Slowing things down now on the F750GS? Not really.

Stepping off the 850 and on to the 750, the less powerful bike is clearly a more street-oriented motorcycle with a normal seat height. The combination of street tires, a 19-inch front wheel, a taut chassis and shorter travel suspension all make attacking a twisty road as easy as it is fun. Of the two, the 750 is the surprise. It used to be underpowered, and it was equipped with the bare minimum to justify not only its lower cost, but also the significant price gap between it and the 800GS. The price gap is still very much there, but the F750GS does not feel like a lesser motorcycle. Less capable off-road, sure, but as an all-rounder adventure model used occasionally on non-paved roads and light trails, it’s actually very good.

As for its significantly lower horsepower figure (77 hp vs. 95 hp), on the road, it really doesn’t feel like that much less. After all, the F750GS has that 853 cc engine, and a rather torquey one at that; it produces more than enough oomph to keep even an experienced rider quite satisfied, especially one conscious of the $3,600 saved by that choice. In a nutshell, the 750 feels very close to the 850 right until about the last quarter of the rev range where the 850 keeps pulling and the 750’s power flattens out. In real-world riding, this is not a big deal at all.

Both the new F850GS and F750GS achieve about the same goals as their predecessors, but they add a fair bit of refinement, fun and features to the previous packages. They are middleweights, so they’re compromised by definition and far from perfect. For example, they – still – deserve much better seats. As well, while they can be equipped with a ton of cool stuff, much of it is optional and can quickly ramp up the bill. Our very well-equipped test bikes probably had at least $3,000 of options, some of which was trick, like the digital display, and some of which was only okay, like the quick shifter. Buyers need to be careful or they could easily end up with an 850 that costs almost as much as a 1200. But buyers could also acquire a capable middleweight adventure bike for less than $11,000 in a class where 15 Grand is now the starting point. In case I’m not clear enough here: don’t overlook the 750. It would be a mistake.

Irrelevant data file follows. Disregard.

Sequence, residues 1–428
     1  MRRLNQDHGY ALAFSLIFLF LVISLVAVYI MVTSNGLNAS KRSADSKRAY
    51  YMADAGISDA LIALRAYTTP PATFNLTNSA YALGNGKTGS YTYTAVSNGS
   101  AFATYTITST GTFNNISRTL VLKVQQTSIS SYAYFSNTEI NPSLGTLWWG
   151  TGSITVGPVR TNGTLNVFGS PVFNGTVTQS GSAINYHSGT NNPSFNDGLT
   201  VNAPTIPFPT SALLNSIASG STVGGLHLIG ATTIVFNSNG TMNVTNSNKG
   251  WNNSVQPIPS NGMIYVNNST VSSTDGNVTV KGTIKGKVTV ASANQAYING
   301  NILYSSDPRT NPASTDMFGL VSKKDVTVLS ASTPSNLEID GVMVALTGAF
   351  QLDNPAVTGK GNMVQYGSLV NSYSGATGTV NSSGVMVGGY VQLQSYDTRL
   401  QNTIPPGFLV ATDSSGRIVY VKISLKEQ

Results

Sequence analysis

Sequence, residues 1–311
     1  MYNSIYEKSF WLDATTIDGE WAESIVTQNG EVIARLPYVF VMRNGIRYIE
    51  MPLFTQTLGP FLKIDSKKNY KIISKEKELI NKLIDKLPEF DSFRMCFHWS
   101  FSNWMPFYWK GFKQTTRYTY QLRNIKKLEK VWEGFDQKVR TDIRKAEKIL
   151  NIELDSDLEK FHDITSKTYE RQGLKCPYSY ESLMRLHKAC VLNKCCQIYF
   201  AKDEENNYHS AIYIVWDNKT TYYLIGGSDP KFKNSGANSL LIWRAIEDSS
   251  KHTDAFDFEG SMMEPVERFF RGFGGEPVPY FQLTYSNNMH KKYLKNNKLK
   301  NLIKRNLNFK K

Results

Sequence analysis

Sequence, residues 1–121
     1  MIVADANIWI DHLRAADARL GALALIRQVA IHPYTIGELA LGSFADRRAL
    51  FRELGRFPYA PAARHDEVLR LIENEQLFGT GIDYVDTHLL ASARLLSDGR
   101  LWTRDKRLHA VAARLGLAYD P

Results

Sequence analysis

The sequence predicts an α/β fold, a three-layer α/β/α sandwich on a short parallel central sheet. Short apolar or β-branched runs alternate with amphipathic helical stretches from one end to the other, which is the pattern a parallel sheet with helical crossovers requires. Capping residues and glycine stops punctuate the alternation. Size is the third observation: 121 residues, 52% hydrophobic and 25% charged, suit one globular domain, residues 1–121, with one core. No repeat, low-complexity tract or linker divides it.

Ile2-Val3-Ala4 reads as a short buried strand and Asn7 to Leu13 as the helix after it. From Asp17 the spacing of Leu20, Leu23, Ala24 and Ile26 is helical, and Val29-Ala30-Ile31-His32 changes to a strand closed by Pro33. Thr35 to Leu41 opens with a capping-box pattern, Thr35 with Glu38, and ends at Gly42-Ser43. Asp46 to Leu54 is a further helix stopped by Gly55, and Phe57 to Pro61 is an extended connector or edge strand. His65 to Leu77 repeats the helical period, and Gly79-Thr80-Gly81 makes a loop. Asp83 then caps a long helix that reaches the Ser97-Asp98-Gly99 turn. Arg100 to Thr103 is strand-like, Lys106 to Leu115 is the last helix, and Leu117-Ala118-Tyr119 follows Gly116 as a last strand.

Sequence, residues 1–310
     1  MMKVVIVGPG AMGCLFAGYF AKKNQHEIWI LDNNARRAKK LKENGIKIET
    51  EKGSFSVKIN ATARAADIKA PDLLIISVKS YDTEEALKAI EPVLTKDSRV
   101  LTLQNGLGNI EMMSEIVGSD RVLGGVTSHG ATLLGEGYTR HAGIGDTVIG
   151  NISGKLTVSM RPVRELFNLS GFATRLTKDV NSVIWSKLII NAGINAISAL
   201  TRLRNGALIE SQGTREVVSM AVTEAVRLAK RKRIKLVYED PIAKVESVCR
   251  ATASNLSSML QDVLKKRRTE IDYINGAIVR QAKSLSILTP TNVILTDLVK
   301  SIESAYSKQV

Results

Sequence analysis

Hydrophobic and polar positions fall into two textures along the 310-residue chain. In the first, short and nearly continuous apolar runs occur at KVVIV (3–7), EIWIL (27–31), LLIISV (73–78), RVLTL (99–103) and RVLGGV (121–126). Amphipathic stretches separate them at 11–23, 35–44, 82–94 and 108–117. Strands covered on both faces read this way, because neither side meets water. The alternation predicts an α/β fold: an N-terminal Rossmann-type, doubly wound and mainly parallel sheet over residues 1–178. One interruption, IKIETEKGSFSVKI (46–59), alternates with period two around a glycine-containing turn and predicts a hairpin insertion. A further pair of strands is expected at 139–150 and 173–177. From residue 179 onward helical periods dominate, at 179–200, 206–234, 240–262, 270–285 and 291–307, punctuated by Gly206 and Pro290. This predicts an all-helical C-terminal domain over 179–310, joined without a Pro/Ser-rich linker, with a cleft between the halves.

The F750GS is much less expensive and still very capable. If you just want to enjoy riding your motorcycle, especially on the street, it should not be ignored.


  1. So the dirt orientated bike is heavier, more powerful and has more top end, and the street version is less powerful, lighter, and the power fades at the top end. Seems like BMW has it backwards, or am I missing something here.

    • My exact thought. Why would you need or want the peakier tuned engine in the heavier dirt-oriented version? OK, the other version is a (relatively speaking) budget special. I think they’ve missed the mark by not offering a street-oriented version with a 19″ front wheel and all the other goodies, and the full power engine.

  2. Still don’t under stand the point of detuning the engine for the “lesser” model. BMW does not detune the 1200GS Adv vs the 1200GS.

  3. Nice bikes, but I guess keeping the weight down wasn’t a priority. Not sure it tops the new Tiger 800 which is pretty perfect.

    • I had a ’16 800 Tiger. I traded it in on the GS. I loved my Tiger but it just wasn’t up to the adventures I was doing on it. It takes it’s air from the rear wheel area so the filter needs constant attention and to remove it takes a couple of hours with several different types of fasteners. I added a Uni-Filter but this was eventually the downfall of my Tiger. I did the Idaho BDR, almost every numbered road in Alaska, The Yukon and The NWT. But it’s done.
      I expect my GS will be up to the challenges I’ll put it through! I sure hope so.

  4. In 2014 I rented an F700GS for a day in Austria. It took two of us up and down very steep alpine roads and on some high speed 4 lane without any problem whatsoever. I rode a K75 (completely different bike, but similar horsepower) solo for three weeks in Europe, include 5 days fully loaded 2-up in the Austrian and Italian Alps, a significant amount of time on the autobahn including a 950 km day of slab from southern Germany to northern Netherlands and Belgium, loaded with 3 weeks worth of gear. Passing at highway speeds was never an issue. I don’t understand how people think 70-75 hp is marginal. Maybe sometimes you WANT more, but you sure as heck never NEED more to do anything legal, or a lot that may not be legal, with power to spare.